Some firms, such as Rabai Power Ltd, instead hiked the cost by 46% in 2022 to $0.17 per unit of wholesale power from the previous rate of $0.11 per unit in 2021.
This is way higher than about KSh5-7 ($0.035-0.049) per unit charged by the state-owned Kenya Electricity Generating Company (KenGen). But sector players have always defended their costly prices, noting that KenGen enjoys an amalgam of advantages that allows it to offer cheaper rates to KPLC.
The private producers say KenGen has recouped its investment costs, most of which were supported by the government.
The private producers are consequently reluctant to review the costs on the grounds that they are still serving huge loans drawn during the investments phase. The private sector is also irked by the tiresome licensing process which affects project costs and timelines.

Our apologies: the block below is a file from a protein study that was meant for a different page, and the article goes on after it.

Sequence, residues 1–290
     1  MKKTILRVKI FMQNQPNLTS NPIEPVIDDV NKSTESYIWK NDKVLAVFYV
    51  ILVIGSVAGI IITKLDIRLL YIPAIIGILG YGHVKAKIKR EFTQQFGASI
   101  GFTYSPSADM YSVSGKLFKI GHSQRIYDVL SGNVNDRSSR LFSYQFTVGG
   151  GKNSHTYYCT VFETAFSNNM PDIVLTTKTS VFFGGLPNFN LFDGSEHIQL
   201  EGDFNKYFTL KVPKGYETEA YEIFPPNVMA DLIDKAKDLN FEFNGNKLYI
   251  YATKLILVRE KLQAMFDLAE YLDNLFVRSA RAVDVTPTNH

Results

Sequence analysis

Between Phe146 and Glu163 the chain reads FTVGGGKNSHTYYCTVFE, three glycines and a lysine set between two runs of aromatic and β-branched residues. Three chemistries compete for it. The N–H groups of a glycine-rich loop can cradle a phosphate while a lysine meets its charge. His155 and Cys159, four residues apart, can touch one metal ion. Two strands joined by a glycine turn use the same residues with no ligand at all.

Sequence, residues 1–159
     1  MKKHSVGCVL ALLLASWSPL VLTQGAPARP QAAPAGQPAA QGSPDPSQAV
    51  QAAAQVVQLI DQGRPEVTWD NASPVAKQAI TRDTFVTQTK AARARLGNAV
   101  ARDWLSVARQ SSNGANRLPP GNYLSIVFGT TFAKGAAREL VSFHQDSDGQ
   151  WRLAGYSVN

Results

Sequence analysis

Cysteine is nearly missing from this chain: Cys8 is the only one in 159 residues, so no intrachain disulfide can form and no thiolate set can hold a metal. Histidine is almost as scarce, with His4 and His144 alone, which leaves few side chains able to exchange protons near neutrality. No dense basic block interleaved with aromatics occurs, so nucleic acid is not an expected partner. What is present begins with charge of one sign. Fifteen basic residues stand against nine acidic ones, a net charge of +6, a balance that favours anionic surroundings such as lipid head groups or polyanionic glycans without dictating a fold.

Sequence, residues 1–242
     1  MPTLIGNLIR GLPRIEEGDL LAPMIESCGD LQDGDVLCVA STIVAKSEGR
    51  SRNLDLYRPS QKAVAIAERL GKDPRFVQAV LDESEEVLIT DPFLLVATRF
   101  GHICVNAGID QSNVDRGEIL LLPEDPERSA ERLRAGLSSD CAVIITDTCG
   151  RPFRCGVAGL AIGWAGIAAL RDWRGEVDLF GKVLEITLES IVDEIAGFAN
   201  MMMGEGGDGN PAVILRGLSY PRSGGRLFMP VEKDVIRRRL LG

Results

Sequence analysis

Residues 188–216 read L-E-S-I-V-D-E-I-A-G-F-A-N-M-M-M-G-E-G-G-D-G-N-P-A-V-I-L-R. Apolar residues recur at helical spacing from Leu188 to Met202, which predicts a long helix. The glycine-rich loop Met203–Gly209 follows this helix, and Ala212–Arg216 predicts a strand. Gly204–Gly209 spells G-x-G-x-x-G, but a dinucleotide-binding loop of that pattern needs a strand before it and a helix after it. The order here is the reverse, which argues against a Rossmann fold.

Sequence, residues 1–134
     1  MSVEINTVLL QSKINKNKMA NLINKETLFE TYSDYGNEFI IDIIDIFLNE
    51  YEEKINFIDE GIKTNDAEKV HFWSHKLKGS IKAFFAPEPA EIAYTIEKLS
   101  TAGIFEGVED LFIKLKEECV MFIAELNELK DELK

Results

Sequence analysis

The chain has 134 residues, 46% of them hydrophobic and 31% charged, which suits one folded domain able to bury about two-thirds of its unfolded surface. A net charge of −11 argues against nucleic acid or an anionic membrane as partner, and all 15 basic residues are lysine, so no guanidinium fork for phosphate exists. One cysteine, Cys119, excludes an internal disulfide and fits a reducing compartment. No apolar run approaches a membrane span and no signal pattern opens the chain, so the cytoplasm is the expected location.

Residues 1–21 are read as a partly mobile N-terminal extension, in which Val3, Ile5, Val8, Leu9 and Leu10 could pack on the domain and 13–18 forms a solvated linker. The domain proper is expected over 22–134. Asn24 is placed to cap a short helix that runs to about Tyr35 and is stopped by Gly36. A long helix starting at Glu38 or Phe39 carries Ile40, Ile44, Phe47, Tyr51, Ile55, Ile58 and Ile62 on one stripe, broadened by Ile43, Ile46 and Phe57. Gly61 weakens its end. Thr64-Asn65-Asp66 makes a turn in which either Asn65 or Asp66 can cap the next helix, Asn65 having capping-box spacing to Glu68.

IPPs must have a signed power agreement with KPLC and be approved by the energy regulator before proceeding to mobilise funds for construction. KenGen, at times, is exempted from that process.
“There is a need to ensure a balanced approach which ensures the sustainability of the electricity sector in Kenya,” says George Aluru, the chairman of the Electricity Sector Association of Kenya (ESAK), the lobby group for the IPPs.
“The ability to charge cost-reflective tariffs based on prudently accrued generation, transmission, distribution and retail costs is critical.”